Explore further: How rotavirus infection accelerates autoimmune diabetes in a mouse model

Related Stories

How rotavirus infection accelerates autoimmune diabetes in a mouse model

March 27, 2014
A combination of genetic predisposition and environmental factors is believed to cause autoimmune (type 1) diabetes. A study published on March 27th in PLOS Pathogens gets at the mechanisms by which rotavirus infection contributes ...

The role of the innate immune cells in the development of type 1 diabetes

December 19, 2012
Julien Diana and Yannick Simoni of the "Immune Mechanisms in Type 1 Diabetes," Inserm/Université Paris Descartes, directed by Agnès Lehuen, have just published the results of their work on type 1 diabetes in the Nature ...

Connexins: Providing protection to cells destroyed in Type 1 diabetes

November 7, 2011
Type 1 diabetes is a lifelong disease characterized by high levels of sugar (glucose) in the blood. It is caused by the patient's immune system attacking and destroying the cells in their pancreas that produce the hormone ...

Study identifies immune cells that promote growth of beta cells in type 1 diabetes

September 27, 2013
Joslin researchers have identified immune cells that promote growth of beta cells in type 1 diabetes. This study provides further evidence of a changed role for immune cells in type 1 diabetes pathology. The study appears ...

Antibody affinity is decisive in Type 1 diabetes in adults

March 11, 2014
Patients with LADA – a form of autoimmune type 1 diabetes in adulthood – can be distinguished from patients with non-autoimmune type 2 diabetes by means of the antibody reaction affinity to the enzyme glutamic acid decarboxylase ...

Recommended for you

Researchers illustrate how muscle growth inhibitor is activated, could aid in treating ALS

January 19, 2018
Researchers at the University of Cincinnati (UC) College of Medicine are part of an international team that has identified how the inactive or latent form of GDF8, a signaling protein also known as myostatin responsible for ...

Bioengineered soft microfibers improve T-cell production

January 18, 2018
T cells play a key role in the body's immune response against pathogens. As a new class of therapeutic approaches, T cells are being harnessed to fight cancer, promising more precise, longer-lasting mitigation than traditional, ...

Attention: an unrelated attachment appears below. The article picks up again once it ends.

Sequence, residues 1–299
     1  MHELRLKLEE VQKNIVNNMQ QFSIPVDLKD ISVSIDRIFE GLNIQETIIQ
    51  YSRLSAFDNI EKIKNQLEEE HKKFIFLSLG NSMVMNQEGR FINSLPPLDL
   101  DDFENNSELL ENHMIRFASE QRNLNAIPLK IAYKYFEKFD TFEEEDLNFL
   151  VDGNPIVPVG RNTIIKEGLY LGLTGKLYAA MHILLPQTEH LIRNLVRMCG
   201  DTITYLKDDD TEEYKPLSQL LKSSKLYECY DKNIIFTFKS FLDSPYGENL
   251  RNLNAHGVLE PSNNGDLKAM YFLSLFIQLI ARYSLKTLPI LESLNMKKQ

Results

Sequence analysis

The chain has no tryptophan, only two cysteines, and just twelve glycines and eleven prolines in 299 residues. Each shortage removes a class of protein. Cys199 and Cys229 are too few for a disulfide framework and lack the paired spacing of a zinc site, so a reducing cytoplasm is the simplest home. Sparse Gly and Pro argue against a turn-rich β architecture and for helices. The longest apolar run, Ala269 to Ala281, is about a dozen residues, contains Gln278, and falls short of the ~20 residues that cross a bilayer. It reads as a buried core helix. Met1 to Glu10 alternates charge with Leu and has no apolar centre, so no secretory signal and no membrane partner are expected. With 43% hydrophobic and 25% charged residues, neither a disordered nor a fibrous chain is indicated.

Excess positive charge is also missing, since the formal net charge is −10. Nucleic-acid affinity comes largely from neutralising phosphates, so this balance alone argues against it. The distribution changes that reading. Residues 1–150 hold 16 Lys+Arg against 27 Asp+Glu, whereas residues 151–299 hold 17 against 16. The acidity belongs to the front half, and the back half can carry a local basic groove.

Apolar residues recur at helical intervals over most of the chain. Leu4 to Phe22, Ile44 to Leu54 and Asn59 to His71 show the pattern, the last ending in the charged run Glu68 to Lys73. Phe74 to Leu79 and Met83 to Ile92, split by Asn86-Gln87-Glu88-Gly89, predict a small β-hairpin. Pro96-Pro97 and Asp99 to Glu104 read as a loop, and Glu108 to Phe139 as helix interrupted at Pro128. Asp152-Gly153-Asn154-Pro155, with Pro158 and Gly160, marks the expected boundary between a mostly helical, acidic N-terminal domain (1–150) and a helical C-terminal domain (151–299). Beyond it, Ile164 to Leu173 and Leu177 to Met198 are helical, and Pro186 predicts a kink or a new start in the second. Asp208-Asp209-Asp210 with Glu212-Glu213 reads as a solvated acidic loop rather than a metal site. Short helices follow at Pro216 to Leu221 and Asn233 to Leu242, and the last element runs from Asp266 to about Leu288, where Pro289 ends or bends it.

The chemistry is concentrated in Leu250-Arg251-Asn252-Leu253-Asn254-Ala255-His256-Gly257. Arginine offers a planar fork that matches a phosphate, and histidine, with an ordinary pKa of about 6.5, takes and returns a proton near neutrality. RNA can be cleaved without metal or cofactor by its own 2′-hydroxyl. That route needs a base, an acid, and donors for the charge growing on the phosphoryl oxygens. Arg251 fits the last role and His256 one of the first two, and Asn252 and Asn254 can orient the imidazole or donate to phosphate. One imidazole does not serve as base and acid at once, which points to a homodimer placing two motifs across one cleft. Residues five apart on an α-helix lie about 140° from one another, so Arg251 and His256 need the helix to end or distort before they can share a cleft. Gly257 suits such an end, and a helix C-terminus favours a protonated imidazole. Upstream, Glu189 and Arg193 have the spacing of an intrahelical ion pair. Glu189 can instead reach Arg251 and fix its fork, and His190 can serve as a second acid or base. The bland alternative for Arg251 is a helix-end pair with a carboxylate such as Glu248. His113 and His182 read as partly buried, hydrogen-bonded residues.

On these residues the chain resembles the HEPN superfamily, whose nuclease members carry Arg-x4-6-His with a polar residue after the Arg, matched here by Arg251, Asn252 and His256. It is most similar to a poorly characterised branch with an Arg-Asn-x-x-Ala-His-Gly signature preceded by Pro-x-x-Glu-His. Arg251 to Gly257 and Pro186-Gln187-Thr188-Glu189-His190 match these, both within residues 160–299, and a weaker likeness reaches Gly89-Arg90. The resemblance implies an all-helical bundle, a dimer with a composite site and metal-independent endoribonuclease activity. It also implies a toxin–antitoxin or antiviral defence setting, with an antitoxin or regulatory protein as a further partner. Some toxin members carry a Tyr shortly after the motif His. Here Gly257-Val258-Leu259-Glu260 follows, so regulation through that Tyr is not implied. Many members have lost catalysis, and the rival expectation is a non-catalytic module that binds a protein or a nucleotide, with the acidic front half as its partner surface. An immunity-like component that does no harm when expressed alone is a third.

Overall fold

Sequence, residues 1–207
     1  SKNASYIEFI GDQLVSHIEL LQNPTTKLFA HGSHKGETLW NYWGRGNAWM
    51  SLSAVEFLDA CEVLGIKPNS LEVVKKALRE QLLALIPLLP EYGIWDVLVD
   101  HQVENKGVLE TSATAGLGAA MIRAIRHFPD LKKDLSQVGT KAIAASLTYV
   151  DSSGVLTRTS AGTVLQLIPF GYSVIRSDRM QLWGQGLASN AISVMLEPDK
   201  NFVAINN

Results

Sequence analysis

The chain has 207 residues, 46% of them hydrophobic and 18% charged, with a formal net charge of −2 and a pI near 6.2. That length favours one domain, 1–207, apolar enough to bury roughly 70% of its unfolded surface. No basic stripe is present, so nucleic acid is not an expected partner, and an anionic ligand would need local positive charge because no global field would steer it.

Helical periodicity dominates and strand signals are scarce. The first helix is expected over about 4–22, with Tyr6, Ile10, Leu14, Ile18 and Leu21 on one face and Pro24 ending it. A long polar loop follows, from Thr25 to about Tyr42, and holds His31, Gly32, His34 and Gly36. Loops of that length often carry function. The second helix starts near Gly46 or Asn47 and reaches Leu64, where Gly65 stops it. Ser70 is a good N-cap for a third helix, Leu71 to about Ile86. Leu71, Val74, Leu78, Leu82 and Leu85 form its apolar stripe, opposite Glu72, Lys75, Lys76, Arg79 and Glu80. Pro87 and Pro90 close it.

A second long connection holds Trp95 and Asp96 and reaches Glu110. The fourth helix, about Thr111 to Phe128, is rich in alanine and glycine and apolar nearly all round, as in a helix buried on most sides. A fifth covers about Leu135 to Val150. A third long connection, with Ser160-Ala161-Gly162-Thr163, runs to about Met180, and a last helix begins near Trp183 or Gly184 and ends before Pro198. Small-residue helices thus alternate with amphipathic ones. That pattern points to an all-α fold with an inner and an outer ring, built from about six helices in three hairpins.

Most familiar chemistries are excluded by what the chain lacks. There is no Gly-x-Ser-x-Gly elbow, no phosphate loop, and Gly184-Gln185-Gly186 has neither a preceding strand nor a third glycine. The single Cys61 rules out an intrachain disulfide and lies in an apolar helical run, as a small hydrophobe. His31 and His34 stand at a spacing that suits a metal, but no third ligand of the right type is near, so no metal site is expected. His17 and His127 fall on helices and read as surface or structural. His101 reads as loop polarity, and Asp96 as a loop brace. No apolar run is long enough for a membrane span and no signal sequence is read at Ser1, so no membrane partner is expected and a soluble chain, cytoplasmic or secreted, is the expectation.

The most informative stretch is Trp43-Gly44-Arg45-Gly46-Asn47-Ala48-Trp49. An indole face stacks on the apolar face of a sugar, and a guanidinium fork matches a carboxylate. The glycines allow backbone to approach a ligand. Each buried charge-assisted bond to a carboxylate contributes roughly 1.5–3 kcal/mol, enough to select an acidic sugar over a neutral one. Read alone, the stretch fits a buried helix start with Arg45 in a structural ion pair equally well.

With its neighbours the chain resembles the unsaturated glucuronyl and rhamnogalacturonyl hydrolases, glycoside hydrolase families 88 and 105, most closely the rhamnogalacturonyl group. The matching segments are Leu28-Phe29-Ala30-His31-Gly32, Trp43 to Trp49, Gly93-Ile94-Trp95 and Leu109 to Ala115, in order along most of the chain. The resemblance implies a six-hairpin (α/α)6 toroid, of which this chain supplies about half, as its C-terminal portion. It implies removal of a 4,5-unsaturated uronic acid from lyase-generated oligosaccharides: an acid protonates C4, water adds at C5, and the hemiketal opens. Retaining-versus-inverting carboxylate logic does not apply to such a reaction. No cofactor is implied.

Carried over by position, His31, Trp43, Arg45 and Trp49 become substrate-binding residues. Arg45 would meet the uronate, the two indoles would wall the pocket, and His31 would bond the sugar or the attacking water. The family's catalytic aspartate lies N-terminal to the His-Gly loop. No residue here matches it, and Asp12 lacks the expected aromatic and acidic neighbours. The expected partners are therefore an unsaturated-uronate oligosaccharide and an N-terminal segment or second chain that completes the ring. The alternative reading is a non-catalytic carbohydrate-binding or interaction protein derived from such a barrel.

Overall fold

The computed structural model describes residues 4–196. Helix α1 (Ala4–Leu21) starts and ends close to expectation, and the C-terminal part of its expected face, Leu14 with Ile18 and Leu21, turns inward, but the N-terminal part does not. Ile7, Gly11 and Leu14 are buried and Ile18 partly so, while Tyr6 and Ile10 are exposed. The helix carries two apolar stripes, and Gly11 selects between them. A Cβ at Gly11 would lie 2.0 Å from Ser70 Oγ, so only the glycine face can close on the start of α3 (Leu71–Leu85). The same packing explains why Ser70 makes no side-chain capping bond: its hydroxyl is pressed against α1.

Weight flux alters molecular profile, study finds

January 17, 2018
The human body undergoes dramatic changes during even short periods of weight gain and loss, according to a study led by researchers at the Stanford University School of Medicine.

Secrets of longevity protein revealed in new study

January 17, 2018
Named after the Greek goddess who spun the thread of life, Klotho proteins play an important role in the regulation of longevity and metabolism. In a recent Yale-led study, researchers revealed the three-dimensional structure ...

The HLF gene protects blood stem cells by maintaining them in a resting state

January 17, 2018
The HLF gene is necessary for maintaining blood stem cells in a resting state, which is crucial for ensuring normal blood production. This has been shown by a new research study from Lund University in Sweden published in ...

Magnetically applied MicroRNAs could one day help relieve constipation

January 17, 2018
Constipation is an underestimated and debilitating medical issue related to the opioid epidemic. As a growing concern, researchers look to new tools to help patients with this side effect of opioid use and aging.

0 comments

Please sign in to add a comment. Registration is free, and takes less than a minute. Read more

Click here to reset your password.
Sign in to get notified via email when new comments are made.